• So... not prior restraint. But it certainly IS restraint of speech, without due process.
        • Re: (Score:2, Informative)

          by conlaw ( 983784 )
          Yes, Jane, it is a restraint on speech; however, I don't believe that Nielsen is a governmental entity. The free speech provision of the Bill of Rights only forbids governmental actions. In fact, the Bill of Rights originally applied only to the federal government; various Supreme Court cases have held that the Fourteenth Amendments makes these provisions applicable to states, municipalities, and other "governmental entities."

          The only free speech rules that would apply in this case are any applicable stat

          • Re:Good point (Score:5, Insightful)

            by SleepingWaterBear ( 1152169 ) on Saturday September 20, 2008 @10:15PM (#25089647)

            Whether Nielsen is a governmental entity or not is quite irrelevant here. The DMCA notice being used to restrain free speech takes its power from the threat of legal penalty which would be inflicted by the government.

            Now it may be true that this notice isn't valid, and therefore doesn't have the actual force of the government behind it (the article is sort of short on details there so I don't know), but the fact that the DMCA is constructed such that companies have every incentive to obey take down notices whether valid or not means that the law, and hence the government is responsible for the restraint of free speech, at least indirectly.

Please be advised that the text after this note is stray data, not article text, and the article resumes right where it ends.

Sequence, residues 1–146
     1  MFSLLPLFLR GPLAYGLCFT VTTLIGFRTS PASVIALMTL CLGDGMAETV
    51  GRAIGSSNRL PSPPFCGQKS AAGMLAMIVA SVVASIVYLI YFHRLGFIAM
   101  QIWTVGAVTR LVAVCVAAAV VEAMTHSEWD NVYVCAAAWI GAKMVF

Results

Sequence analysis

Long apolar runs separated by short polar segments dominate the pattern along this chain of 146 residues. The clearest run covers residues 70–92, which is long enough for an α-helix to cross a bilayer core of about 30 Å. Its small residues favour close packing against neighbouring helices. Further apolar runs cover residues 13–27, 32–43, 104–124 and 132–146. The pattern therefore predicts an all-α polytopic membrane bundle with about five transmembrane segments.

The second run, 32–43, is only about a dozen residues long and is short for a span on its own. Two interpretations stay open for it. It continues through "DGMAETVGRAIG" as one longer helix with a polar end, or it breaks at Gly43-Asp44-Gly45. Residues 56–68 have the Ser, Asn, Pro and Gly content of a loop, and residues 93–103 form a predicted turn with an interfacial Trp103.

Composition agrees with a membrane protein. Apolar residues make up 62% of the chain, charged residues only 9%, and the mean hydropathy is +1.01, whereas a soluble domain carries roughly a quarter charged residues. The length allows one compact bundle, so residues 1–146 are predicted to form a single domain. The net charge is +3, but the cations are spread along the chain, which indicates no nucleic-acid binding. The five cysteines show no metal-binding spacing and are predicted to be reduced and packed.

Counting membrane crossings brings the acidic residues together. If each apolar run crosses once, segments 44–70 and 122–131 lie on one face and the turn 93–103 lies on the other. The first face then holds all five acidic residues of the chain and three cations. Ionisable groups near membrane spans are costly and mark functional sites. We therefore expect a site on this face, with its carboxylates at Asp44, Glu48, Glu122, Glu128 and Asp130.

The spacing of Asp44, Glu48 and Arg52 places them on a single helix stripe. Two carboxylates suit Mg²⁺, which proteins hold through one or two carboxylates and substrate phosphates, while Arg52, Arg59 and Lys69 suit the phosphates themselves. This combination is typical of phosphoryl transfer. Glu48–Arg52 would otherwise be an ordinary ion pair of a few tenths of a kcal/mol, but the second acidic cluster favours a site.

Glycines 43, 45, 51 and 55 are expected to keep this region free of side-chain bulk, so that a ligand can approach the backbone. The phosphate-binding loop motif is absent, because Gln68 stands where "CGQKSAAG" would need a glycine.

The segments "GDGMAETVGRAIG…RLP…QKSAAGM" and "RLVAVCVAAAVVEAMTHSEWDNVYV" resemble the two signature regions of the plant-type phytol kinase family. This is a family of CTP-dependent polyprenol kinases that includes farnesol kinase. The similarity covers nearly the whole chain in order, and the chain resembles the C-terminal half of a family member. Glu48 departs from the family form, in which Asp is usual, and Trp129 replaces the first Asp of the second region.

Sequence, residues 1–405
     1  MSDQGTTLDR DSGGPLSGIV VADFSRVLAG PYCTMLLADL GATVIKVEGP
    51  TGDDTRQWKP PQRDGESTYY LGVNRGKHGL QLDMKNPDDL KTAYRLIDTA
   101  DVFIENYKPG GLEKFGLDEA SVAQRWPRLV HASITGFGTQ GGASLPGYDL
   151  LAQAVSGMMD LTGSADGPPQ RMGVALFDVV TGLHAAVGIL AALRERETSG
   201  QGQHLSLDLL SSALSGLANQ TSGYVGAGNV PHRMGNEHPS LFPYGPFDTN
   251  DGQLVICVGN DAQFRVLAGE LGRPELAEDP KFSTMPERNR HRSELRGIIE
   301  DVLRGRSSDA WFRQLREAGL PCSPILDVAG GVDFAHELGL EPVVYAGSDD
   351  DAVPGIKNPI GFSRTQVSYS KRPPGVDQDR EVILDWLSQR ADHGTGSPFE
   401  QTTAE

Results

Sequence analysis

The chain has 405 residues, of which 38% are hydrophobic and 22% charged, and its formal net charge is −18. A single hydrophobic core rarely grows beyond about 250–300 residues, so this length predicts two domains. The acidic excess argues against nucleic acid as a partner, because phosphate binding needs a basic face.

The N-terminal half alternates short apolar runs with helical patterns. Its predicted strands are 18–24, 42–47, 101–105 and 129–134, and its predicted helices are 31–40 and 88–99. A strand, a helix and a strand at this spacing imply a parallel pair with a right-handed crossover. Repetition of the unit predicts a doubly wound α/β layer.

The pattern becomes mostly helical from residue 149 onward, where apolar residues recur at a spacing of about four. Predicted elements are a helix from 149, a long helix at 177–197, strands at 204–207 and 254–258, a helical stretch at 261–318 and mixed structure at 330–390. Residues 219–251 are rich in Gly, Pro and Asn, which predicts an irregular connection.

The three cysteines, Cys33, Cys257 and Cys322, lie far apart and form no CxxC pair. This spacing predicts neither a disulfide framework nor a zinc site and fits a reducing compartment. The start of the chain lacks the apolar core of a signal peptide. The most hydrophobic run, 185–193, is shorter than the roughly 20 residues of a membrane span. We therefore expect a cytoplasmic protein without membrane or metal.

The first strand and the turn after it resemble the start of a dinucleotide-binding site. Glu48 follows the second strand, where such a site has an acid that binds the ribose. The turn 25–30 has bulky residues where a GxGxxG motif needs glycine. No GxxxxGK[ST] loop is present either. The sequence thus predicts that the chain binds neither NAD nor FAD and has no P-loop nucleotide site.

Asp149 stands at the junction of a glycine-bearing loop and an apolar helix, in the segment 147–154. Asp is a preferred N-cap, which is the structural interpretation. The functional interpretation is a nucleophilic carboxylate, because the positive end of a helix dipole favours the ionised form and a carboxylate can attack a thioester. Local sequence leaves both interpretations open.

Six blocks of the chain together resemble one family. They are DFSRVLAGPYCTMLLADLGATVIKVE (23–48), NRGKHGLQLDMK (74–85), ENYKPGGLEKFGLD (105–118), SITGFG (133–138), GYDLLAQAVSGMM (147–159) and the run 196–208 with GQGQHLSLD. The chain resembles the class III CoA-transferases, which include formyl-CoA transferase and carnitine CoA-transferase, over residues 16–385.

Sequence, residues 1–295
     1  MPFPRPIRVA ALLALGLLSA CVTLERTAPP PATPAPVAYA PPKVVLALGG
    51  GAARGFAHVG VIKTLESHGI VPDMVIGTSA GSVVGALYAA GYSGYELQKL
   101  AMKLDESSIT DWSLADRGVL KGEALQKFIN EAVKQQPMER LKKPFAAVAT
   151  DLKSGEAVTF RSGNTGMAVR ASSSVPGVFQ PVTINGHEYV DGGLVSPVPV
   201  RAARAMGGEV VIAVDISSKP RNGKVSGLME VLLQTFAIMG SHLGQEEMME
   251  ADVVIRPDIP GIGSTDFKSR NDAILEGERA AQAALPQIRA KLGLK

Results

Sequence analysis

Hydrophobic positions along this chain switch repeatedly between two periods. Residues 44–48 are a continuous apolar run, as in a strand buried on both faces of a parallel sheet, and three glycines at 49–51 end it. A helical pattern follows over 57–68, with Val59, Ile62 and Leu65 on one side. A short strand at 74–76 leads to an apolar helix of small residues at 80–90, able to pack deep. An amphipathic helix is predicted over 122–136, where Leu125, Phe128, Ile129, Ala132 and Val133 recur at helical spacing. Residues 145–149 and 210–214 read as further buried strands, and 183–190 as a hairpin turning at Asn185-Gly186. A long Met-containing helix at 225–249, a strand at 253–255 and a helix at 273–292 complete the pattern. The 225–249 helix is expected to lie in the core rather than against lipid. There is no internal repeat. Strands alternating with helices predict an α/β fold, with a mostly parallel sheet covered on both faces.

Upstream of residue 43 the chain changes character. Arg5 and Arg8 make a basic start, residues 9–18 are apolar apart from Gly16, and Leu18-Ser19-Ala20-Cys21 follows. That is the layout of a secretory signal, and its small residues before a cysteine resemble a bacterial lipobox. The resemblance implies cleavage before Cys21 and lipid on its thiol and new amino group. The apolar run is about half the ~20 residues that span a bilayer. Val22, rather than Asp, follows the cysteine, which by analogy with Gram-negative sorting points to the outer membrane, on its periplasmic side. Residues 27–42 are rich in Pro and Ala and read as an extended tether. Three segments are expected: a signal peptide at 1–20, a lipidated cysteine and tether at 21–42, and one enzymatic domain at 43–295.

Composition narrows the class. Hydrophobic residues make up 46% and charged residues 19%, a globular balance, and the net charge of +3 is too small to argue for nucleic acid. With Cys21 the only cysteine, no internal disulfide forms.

• Technically, it's not Nielsen that's restraining speech. The Federal Government passed this law and it (and the state courts) are generally responsible for enforcing it. Thus if the law results in restraints on speech, the government can be held accountable. (Theoretically, of course.)

          • the courts have also held that speech may not be forcefully restrained without due process; it matters little who is doing the restraining.

            The fact that restraint of speech principles apply to individuals, and not just government, is evident from a vast multitude of court cases. If you doubt this, you need only look up cases involving blacks in the South and the KKK, for example.
            • Wow! I'll have to agree with you here JQP. The DMCA is a government instrument, so, even if Nielsen is the one using it, the government had its hand in approving and enforcing a law that can so easily be abused to restrain free speech.
    • by sohp ( 22984 )

      From Wikipedia: "anyone who makes a false claim of infringement ... is liable for the damages suffered by the other parties, including legal fees."

      The law is very one-sided about it though, and recovering damages is prohibitively expensive. Oh yeah, there's also the fact that the law states that a counter-notification to restore the material must be sworn under penalty of perjury, unlike the original takedown notice, which just needs to be a good-faith attempt, with no criminal penalty for falsehood.

      • Re: (Score:2, Informative)

        Being liable for damages is not the same thing as a criminal offense.
      • by Anonymous Coward
        I was looking for TV station information, by geographic location, and I went to check good-old Wikipedia.

        I made a promise to myself that if I found the information there, I was going to hit the donate button and send $346,217.12.

        Alas, I didn't find the information.

      • Re: (Score:3, Informative)

        by Anonymous Coward

        "Oh yeah, there's also the fact that the law states that a counter-notification to restore the material must be sworn under penalty of perjury, unlike the original takedown notice, which just needs to be a good-faith attempt, with no criminal penalty for falsehood."